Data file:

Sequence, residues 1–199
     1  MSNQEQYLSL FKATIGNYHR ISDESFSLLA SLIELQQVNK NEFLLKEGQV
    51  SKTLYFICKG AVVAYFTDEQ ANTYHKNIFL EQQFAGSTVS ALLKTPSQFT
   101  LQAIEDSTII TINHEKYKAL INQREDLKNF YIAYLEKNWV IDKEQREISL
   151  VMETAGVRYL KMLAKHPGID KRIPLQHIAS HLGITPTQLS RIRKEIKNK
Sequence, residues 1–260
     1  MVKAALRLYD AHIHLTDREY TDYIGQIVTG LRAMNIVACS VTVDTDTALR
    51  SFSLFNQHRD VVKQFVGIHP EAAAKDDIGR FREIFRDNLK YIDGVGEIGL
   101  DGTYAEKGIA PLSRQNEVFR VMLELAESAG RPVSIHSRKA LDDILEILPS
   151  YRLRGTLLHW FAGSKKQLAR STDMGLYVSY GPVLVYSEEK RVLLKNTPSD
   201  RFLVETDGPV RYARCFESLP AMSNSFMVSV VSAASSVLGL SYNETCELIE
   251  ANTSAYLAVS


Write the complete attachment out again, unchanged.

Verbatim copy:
Sequence, residues 1–199
     1  MSNQEQYLSL FKATIGNYHR ISDESFSLLA SLIELQQVNK NEFLLKEGQV
    51  SKTLYFICKG AVVAYFTDEQ ANTYHKNIFL EQQFAGSTVS ALLKTPSQFT
   101  LQAIEDSTII TINHEKYKAL INQREDLKNF YIAYLEKNWV IDKEQREISL
   151  VMETAGVRYL KMLAKHPGID KRIPLQHIAS HLGITPTQLS RIRKEIKNK
Sequence, residues 1–260
     1  MVKAALRLYD AHIHLTDREY TDYIGQIVTG LRAMNIVACS VTVDTDTALR
    51  SFSLFNQHRD VVKQFVGIHP EAAAKDDIGR FREIFRDNLK YIDGVGEIGL
   101  DGTYAEKGIA PLSRQNEVFR VMLELAESAG RPVSIHSRKA LDDILEILPS
   151  YRLRGTLLHW FAGSKKQLAR STDMGLYVSY GPVLVYSEEK RVLLKNTPSD
   201  RFLVETDGPV RYARCFESLP AMSNSFMVSV VSAASSVLGL SYNETCELIE
   251  ANTSAYLAVS